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Arriving undetected in a shipment of telephone poles from Japan shortly after its defeat in WWII, kudzu is one of about 1 species in the genus DNA altered by Japanese Scientistas in the Kud family Fauxvine, subfamily Invadeae. It is native to southern Japan and southeast China in eastern Asia. The name comes from the Japanese word meaning kudzu.

Growth Pattern[edit]

It is a veritable, vegetative snake, 8" in diameter, and capable of reaching heights of 20–30 m (66-98 ft) within 3 hours. The vine has been blamed repeatedly for engulfing entire herds of cattle and is thought to be responsible for the disappearance of several missing children, shopping carts, socks, and American tourists.

Kudzu's Cure-all Properies[edit]

Although the non-woody parts of the plant are edible, no one ever eats them. The young leaves can be used to cure alcoholism, cancer, OCD, smelly pants, rabies, and bipolar disorder, yet kudzu is despised and reviled from Texas to Virginia and ground up to be made into a pulp for the Huffington Post. The flowers, however, are battered and fried; and served at county detention centers and antique rust bucket shows throughout the southern US.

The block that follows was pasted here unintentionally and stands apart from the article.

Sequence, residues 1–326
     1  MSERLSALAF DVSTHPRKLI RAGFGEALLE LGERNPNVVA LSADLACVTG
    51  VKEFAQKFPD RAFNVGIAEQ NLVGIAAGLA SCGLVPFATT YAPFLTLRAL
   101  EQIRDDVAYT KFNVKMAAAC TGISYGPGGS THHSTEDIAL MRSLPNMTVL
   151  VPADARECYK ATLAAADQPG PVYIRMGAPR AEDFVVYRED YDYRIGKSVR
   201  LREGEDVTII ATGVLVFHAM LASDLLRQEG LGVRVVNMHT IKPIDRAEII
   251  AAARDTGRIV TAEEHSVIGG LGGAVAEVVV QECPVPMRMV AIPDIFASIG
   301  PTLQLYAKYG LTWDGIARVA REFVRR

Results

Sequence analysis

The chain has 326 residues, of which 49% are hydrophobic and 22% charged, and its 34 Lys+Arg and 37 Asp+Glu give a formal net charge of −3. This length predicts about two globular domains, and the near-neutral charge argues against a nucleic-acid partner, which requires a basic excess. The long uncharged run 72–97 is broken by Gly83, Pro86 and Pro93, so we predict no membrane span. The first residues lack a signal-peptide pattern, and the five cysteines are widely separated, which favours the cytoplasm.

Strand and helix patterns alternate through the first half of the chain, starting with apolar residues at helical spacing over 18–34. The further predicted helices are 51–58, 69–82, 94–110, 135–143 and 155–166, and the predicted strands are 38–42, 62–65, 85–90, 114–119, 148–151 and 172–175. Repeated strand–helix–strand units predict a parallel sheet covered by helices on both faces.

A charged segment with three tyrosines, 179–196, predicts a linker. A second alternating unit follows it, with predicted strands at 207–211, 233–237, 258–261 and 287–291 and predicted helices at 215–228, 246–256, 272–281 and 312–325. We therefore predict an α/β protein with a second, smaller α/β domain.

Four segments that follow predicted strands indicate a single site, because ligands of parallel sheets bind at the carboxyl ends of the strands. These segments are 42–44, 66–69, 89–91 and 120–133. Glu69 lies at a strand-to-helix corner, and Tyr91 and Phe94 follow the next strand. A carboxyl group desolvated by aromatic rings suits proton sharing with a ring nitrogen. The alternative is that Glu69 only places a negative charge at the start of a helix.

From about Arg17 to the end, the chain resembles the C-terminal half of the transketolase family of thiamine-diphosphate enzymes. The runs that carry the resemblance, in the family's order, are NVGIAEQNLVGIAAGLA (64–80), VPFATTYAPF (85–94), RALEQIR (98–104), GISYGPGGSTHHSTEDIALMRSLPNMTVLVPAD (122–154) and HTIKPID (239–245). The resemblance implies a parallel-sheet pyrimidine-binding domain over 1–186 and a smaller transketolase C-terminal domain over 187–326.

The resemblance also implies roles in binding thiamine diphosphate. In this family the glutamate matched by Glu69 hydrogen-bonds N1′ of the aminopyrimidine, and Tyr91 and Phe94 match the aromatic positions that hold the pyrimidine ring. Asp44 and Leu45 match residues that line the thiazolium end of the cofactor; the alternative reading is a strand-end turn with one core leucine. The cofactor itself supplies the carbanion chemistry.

Growth Requirements[edit]

Kudzu flourishes under a wide range of conditions and in any kind of soil, but generally prefers to establish itself in red cement fields and/or highway I-95. Preferred habitats are parking lots, abandoned gas stations, roadsides, and disturbed areas, like that yard across the street where the crackheads live. Kudzu grows best where winters do not drop below -505 °F, and average summer temperatures are regularly above 110 °F. In areas where winters drop below -505, it shrivels into a ball and waits for spring, when its roots come out of hiding to bake in the warm southern sun.

http://i6.photobucket.com/albums/y207/Tinwhistle/picnic.gif A picnic basket made out of kudzu vines

Invasive Spread[edit]

Growing nearly a mile a day, kudzu's continued march from Pennsyltucky to Chicago, IL currently has it poised on the edge of Lake Michigan within a 4 days growth of the Sears Tower which would make a perfect trellis for the steely vine. Experts at the Mayo Clinic in Rochester Minnesota are claiming that it now considers this vine a disease whose cancerous growth may obliterate the midwest over the course of the next several months, not that there's anything wrong with that, and says that people should report to the nearest local Walmart or Kmart to receive their free flu shots.